‘I’ve met Eggleston on two or three occasions. The most memorable was when I sat next to him at a dinner in his honour. He doesn’t do conversation, so I decided not to put any pressure on him and just to go with it. He would throw out half a line and I would respond, and eventually we got into the Eggleston zone. It was a very special night and when I got back to my hotel room I immediately wrote up every detail so as not to forget it.’
Robert Polidori, Cadre Vide, Chateau de Versailles, 1985
PG: ‘Robert Polidori’s work is very moving, it is about the passage of time. He photographs interiors that have been silent witnesses to history. His pictures are filled with a heavy melancholy of lives lived but now gone — the ghosts of the past. His most famous photographs are of Havana in Cuba, and they convey that atmosphere intensely.
‘I see his work as part of a long tradition that dates back to the early 19th-century poets and their romance of ruins. This picture is from the Palace of Versailles series, for which he photographed many of the rooms the public never get to see. I love places that resonate with something of their past. I share that with Polidori.’
Leni Riefenstahl, The Discus Thrower, 1936
PG: ‘This is a classical nude image, with all that that implies, photographed at an extraordinary moment in history: the Berlin Olympics in 1936. We all know the games were supposed to be a great showcase for Hitler and his Fascist regime, and of his fury when the African-American sprinter Jesse Owens won the 100 metres. There is so much history in that single image.
‘I had the privilege of meeting Leni Riefenstahl at a gallery in Berlin in 2002. She was very slight, like a sparrow, but held my arm with an incredible vice-like grip. As we walked around the exhibition we came to one of her photographs. She stood back and sighed, “Ah! Leni!”, as if she was admiring the genius of someone else entirely.’
Bettina Rheims, from the ‘Gender Studies’ series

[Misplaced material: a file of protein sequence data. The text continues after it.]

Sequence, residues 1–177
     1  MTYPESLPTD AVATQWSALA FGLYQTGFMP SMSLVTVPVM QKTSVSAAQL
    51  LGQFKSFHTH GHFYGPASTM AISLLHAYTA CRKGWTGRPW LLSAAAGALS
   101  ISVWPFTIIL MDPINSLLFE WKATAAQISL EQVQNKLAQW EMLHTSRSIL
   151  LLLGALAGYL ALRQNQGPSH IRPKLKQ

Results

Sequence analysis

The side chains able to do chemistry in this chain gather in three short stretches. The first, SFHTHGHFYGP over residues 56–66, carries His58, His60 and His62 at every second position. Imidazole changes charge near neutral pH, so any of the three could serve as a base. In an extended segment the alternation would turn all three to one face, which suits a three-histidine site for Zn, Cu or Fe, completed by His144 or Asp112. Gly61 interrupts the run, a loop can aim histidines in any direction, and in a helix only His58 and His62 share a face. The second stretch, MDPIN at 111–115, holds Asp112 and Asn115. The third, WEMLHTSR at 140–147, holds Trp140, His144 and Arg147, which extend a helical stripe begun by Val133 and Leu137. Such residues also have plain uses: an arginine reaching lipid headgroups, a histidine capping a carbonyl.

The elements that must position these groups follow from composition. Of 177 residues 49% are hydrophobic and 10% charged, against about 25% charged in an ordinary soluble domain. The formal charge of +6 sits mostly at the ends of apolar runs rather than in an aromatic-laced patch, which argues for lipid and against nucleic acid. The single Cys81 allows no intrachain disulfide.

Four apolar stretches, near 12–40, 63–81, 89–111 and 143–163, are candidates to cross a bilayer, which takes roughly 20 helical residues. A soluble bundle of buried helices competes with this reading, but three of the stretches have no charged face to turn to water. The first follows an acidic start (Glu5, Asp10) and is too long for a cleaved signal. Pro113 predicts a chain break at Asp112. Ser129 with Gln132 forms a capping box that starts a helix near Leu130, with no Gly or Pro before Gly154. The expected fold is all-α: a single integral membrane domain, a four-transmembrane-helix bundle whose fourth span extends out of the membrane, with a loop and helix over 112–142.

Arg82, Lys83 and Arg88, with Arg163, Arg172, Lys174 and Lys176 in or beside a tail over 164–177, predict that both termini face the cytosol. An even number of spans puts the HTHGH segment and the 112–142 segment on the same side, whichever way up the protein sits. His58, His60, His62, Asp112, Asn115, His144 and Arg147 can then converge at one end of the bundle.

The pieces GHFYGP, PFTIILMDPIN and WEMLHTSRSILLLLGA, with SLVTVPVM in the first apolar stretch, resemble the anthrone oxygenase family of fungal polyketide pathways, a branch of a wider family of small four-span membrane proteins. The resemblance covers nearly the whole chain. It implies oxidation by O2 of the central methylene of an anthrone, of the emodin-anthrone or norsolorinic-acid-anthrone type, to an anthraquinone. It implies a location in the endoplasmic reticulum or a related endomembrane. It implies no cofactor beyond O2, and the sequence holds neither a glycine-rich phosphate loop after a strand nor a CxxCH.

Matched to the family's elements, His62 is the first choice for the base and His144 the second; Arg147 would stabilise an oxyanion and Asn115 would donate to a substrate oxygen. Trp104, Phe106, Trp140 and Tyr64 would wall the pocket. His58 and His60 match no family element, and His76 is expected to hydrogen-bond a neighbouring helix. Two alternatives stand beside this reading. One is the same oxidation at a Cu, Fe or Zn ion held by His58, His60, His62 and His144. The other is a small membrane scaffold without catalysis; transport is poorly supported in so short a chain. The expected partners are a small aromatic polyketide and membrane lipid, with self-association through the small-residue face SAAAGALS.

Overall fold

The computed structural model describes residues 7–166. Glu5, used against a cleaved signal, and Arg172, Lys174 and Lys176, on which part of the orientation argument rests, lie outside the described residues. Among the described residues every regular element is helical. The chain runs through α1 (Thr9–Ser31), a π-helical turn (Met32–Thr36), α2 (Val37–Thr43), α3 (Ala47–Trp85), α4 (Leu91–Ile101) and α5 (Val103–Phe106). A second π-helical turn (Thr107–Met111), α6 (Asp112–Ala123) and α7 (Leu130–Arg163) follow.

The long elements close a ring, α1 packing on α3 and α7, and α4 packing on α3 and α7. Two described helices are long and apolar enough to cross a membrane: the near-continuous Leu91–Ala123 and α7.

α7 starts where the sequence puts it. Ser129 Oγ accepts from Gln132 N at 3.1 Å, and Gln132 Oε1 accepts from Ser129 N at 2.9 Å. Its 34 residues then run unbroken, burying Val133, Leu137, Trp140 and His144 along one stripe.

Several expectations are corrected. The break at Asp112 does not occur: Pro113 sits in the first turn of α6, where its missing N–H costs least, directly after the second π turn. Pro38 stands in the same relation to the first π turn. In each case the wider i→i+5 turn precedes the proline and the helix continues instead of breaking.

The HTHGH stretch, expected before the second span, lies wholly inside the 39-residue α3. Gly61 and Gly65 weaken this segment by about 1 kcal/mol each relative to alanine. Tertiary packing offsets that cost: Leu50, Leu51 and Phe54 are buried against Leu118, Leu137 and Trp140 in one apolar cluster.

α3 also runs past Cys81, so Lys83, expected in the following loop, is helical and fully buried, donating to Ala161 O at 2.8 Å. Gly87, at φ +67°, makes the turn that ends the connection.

PG: ‘I have known Bettina Rheims for many years; she is a bundle of energy and dynamism. Gender identity is centre stage today and Bettina was ahead of the curve when she first exhibited these images back in 2011. She consistently draws out the sensuality of her models.
‘The most fascinating thing about any photographer is to wonder to what extent they are coaxing something out of their sitter, and to what extent they are projecting themselves onto the subject. These two portraits are very recognisably Bettina. The author is right there in the frame.’
Peter Beard’s exhibition at CAMERA WORK, 1998
PG: ‘Peter Beard had an exhibition at CAMERA WORK in 1998. He was such a crazy, romantic figure. I had a wonderful evening talking to him about his work and his life and realised how fatalistic he was about the future of the planet. He saw we were heading for disaster. His pictures are not crusading pictures; he’s simply saying, “You are f***ing up the planet, and here’s the evidence.” They are very poignant.
‘He had a lovely streak of idiosyncrasy — a spontaneous man who pursued his desires and ambitions with a singular focus. He was not a photographer in the conventional sense, or an artist in the conventional sense. He had a vision, and found this hybrid way of making his mark.’
Herb Ritts, Bruce Springsteen, 1992
PG: ‘I am a huge Bruce Springsteen fan, and this is a very striking portrait of him. It is almost as if he is playing a role in a Herb Ritts film because there is so much of the photographer in it.
‘Ritts wanted to make beautiful artefacts and his prints are very seductive. They tend to be in slightly warm tones and he is mostly associated with that very strong Californian light, but here Springsteen is photographed against a dark backdrop, which creates a different kind of drama. Ritts is using available light, and I like that you can see the curtain. It has a tactile dimension. It reminds you of the artifice of making a celebrity portrait.’
CAMERA WORK’S anniversary exhibition, 25 Years CAMERA WORK, is on view in Berlin until 1 October 2022